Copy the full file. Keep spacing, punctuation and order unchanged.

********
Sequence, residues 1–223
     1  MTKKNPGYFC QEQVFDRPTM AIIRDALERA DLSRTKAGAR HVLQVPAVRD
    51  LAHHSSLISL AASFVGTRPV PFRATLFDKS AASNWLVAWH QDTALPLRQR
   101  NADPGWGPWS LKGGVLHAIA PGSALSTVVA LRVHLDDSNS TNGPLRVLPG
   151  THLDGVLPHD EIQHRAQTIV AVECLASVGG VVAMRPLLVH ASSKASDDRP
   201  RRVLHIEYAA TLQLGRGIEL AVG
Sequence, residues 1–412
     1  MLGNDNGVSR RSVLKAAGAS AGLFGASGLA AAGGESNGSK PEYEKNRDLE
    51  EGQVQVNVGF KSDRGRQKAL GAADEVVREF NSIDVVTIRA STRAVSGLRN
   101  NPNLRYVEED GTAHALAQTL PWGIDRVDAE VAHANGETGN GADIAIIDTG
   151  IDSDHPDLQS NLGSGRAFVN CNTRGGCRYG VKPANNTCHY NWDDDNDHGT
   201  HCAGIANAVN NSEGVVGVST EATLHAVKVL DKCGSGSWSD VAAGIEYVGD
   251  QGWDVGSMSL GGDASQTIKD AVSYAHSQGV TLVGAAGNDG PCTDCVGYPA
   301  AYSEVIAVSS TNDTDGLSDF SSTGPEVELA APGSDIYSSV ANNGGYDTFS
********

Sequence, residues 1–223
     1  MTKKNPGYFC QEQVFDRPTM AIIRDALERA DLSRTKAGAR HVLQVPAVRD
    51  LAHHSSLISL AASFVGTRPV PFRATLFDKS AASNWLVAWH QDTALPLRQR
   101  NADPGWGPWS LKGGVLHAIA PGSALSTVVA LRVHLDDSNS TNGPLRVLPG
   151  THLDGVLPHD EIQHRAQTIV AVECLASVGG VVAMRPLLVH ASSKASDDRP
   201  RRVLHIEYAA TLQLGRGIEL AVG
Sequence, residues 1–412
     1  MLGNDNGVSR RSVLKAAGAS AGLFGASGLA AAGGESNGSK PEYEKNRDLE
    51  EGQVQVNVGF KSDRGRQKAL GAADEVVREF NSIDVVTIRA STRAVSGLRN
   101  NPNLRYVEED GTAHALAQTL PWGIDRVDAE VAHANGETGN GADIAIIDTG
   151  IDSDHPDLQS NLGSGRAFVN CNTRGGCRYG VKPANNTCHY NWDDDNDHGT
   201  HCAGIANAVN NSEGVVGVST EATLHAVKVL DKCGSGSWSD VAAGIEYVGD
   251  QGWDVGSMSL GGDASQTIKD AVSYAHSQGV TLVGAAGNDG PCTDCVGYPA
   301  AYSEVIAVSS TNDTDGLSDF SSTGPEVELA APGSDIYSSV ANNGGYDTFS